Scientists in the United Arab Emirates have discovered that the largest dust storm ever recorded in Africa may have been triggered by jet streams farther north. The study was published recently in Geophysical Research Letters.
In late June, the dust storm godzilla moved toward northwest Africa at speeds of more than 70 kilometers per hour. The dust storm affected an area nearly the size of the continental United States, carrying 24 million tons of material and a volume equivalent to thousands of Olympic-sized swimming pools. The cause of the jet is unclear, but researchers have linked Godzilla to a warming Arctic and melting sea ice, Science reported.
The scale and form of Godzilla is staggering, and the effects are profound: phosphorus can reach the roots of trees in the Amazon rainforest, and tiny dust particles can pollute the air across the Caribbean.
Normally, sandstorms form when monsoons on the southern edge of the Sahara blow moist air to the ground.
But godzilla’s trigger was linked to a large area of high-pressure air stuck over the northwestern edge of Africa — triggering four days of strong northeasterly winds that lifted dust up to 6km into the air, and a westerly African jet stream that created a dust storm.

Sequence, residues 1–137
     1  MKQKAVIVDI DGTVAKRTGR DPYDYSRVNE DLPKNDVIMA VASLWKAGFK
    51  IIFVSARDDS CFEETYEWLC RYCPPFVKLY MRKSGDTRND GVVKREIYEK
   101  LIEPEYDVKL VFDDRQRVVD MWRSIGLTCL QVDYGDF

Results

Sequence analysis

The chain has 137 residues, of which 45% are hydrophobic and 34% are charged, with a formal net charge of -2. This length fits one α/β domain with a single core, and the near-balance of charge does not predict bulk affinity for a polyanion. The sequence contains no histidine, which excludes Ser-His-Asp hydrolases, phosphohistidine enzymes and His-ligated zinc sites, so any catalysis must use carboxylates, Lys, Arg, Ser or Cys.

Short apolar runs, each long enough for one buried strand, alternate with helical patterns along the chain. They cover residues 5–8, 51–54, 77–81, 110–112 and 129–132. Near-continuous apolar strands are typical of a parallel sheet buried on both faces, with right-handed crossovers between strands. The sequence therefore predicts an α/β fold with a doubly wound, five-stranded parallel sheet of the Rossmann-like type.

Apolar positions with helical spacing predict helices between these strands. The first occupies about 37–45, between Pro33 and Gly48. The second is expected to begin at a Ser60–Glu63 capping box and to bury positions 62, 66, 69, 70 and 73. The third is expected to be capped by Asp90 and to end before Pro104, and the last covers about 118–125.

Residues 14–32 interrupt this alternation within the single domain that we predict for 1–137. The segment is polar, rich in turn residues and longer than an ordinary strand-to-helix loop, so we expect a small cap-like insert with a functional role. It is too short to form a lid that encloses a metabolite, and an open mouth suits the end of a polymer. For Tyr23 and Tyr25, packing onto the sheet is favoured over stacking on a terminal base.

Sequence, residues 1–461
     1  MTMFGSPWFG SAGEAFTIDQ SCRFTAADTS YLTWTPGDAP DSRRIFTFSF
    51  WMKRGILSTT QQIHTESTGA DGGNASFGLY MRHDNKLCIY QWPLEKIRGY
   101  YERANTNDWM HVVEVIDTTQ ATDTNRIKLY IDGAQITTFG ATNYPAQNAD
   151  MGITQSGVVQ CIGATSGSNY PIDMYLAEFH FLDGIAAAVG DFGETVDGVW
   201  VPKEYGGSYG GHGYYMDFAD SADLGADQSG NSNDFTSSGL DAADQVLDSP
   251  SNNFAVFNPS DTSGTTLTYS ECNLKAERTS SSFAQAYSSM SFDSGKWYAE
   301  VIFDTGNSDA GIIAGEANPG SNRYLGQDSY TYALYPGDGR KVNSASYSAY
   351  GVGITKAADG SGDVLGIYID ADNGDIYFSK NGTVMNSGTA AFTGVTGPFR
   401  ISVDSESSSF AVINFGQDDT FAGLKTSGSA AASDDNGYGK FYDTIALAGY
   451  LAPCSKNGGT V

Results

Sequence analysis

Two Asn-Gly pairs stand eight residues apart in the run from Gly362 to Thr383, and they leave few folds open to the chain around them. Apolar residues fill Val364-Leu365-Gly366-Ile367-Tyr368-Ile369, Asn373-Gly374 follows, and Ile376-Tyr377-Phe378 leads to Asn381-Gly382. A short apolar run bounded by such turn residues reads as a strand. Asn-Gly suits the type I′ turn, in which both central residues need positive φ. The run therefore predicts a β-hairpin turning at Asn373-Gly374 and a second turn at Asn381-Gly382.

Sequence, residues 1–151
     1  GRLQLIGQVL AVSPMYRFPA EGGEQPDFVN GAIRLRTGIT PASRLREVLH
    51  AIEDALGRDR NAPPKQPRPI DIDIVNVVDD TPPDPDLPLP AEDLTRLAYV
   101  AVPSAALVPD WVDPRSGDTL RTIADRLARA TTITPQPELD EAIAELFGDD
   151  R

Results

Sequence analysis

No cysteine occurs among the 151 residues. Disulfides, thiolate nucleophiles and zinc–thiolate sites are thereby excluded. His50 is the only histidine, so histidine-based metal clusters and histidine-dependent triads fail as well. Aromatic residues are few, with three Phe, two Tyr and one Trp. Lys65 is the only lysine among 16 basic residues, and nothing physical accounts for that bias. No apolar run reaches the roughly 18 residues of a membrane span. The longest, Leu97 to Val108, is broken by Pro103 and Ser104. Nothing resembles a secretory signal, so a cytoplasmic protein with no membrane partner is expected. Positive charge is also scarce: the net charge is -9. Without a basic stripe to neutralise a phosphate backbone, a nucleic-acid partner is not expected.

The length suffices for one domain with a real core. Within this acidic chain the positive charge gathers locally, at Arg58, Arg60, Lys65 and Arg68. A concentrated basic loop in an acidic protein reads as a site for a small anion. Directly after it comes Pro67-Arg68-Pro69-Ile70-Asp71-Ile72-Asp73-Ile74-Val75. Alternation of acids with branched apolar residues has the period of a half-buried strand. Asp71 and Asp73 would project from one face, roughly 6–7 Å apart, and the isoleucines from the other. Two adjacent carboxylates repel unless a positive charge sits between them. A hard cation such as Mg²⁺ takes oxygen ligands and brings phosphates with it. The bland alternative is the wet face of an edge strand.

The researchers also found that the high-pressure system appeared at the same time as the polar jet at the North Pole and dropped to a much lower latitude than usual. These atmospheric waveforms form a series of high and low pressure weather systems that encircles the northern Hemisphere for several weeks during the summer. At the same time, a high-pressure system was also forming in Siberia.
Corresponding author Diana Francis is from Khalifa University of Science and Technology.
She said that while the cause of jet streams and weather systems is unclear, studies have suggested that arctic warming due to melting sea ice may be the culprit. The Arctic is warming faster than other regions, and the narrowing of the temperature difference between north and mid-latitudes could make the jet more unstable.
But some researchers have reservations about the idea. They argue that it is hard to find a strong direct link between a chaotic and complex weather system and arctic warming.